Vinyasa is a type of yoga that  consciously links movement, asana and breath to achieve a continuous flow. Inhalation is usually connected to upward, open movements, while exhalation is often tied to downward movements or twists.

It is also the connecting poses of surya namaskar  (chaturanga, upward facing dog and downward facing dog) 

This is the 5th Pillar of Baptiste Yoga.

Surya namaskar

sur·ya·na·mas·kar | Sun Salutations

A sequence of asanas: Example Surya Namaskar A mountain pose, standing forward bend, lunge, plank pose, chatarunga, upward-facing dog, downward-facing dog

 

Tadasana

ta·da·sa·na | Mountain - Pose

Standing pose, you stand at an attention. And it’s the ideal alignment for every asana that we get into. Our True North.

Another similar term is Samasthiti (Equal Standing) is a command to attention, to stand in balanced stillness. It is the practice of standing with equal, steady, and still attention.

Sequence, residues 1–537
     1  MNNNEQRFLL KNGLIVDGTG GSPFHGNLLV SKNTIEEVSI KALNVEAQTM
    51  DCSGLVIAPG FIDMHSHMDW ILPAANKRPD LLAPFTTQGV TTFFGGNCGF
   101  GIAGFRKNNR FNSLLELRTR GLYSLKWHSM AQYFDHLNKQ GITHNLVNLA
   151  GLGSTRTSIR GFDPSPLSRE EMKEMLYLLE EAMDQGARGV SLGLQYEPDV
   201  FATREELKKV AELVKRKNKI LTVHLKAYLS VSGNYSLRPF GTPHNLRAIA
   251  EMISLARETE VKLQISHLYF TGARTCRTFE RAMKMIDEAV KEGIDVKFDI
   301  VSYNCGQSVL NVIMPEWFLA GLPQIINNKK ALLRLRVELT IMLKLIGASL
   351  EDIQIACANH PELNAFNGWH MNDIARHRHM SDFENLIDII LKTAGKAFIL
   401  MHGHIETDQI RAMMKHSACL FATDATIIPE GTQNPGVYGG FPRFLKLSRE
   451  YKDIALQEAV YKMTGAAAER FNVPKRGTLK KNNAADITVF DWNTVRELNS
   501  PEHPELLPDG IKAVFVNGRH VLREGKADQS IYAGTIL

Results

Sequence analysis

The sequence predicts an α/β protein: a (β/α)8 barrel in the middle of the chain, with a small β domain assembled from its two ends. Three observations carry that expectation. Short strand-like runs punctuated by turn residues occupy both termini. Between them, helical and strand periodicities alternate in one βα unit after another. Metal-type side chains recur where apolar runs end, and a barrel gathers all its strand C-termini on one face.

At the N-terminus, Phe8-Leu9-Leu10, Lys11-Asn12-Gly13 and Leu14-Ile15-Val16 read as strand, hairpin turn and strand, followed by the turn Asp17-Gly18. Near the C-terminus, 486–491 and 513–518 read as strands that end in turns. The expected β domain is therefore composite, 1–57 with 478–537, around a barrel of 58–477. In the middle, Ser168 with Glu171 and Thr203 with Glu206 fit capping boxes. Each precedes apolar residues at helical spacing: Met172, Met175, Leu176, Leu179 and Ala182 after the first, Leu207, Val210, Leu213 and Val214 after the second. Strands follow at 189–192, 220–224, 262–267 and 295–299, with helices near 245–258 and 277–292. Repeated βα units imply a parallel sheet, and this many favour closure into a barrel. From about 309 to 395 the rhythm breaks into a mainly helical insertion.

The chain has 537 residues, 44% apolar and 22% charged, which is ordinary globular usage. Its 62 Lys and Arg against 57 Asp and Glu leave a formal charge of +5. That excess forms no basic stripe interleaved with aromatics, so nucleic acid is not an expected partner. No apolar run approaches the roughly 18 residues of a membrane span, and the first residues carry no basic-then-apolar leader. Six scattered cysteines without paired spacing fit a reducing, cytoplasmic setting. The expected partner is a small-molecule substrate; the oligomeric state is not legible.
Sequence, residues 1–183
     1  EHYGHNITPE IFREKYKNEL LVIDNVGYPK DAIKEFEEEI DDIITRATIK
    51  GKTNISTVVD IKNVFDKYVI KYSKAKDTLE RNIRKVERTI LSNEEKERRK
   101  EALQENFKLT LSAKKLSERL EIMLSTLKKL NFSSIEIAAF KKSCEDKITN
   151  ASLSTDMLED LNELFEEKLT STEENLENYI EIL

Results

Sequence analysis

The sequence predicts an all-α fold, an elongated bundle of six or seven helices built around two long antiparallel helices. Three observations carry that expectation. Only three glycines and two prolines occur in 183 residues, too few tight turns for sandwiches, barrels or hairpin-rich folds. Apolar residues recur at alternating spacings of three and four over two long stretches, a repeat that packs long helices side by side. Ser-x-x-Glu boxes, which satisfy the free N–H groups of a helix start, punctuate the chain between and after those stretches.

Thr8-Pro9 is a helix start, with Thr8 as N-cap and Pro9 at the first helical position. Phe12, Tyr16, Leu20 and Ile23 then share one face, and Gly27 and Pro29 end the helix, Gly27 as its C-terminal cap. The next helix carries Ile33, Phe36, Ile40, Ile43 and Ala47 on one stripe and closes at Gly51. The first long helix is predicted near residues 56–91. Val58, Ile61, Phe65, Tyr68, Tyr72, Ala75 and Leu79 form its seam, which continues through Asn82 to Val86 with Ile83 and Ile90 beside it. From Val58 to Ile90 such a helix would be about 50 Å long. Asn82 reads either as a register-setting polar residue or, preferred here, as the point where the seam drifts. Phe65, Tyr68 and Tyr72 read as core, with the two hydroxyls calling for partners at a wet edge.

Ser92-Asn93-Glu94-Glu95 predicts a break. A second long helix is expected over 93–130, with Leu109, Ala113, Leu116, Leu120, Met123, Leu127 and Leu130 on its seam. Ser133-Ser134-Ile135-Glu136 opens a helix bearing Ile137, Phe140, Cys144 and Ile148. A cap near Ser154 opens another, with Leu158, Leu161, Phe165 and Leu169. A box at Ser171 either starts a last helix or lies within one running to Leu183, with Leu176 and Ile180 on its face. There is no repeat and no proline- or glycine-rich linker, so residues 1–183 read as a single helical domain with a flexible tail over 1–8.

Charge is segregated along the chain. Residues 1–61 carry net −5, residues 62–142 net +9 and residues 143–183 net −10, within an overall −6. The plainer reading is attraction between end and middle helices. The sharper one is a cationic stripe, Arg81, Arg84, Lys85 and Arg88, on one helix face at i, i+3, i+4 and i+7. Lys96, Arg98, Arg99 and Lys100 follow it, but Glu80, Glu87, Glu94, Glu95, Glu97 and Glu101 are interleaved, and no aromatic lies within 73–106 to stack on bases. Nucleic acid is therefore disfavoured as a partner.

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Uttanasana

utt·ta·na·sa·na | “Intense Stretch” Pose or Standing forward bend or Forward Fold or rag doll

Utkatasana

utt·kah·ta·sa·na | “Intense/Powerful/Awkward” Pose or Chair or Thunderbolt 

Chaturanga (Dandasana)

cha·tu·rang·ga |”four limbed staff pose” or Low plank

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Supta Baddha Konasana

soup·tah·bah·da·koh·na·sa·na | Supine Butterfly “Recline Bound Angle” Pose

Sneaking this in, though this is not very common, but one of my favourite poses to remember, because it was hard.

I learnt this by calling it a “Super Bad ass” pose, because it is indeed super bad ass.

Feels so good to open those hips and my heart, and you know what’s the best part?

You can do this in bed.

Savasana

sha·va·sa·na | Corpse Pose

Final relaxation/ Deep rest; typically performed at the end of every Yoga class, no matter what style.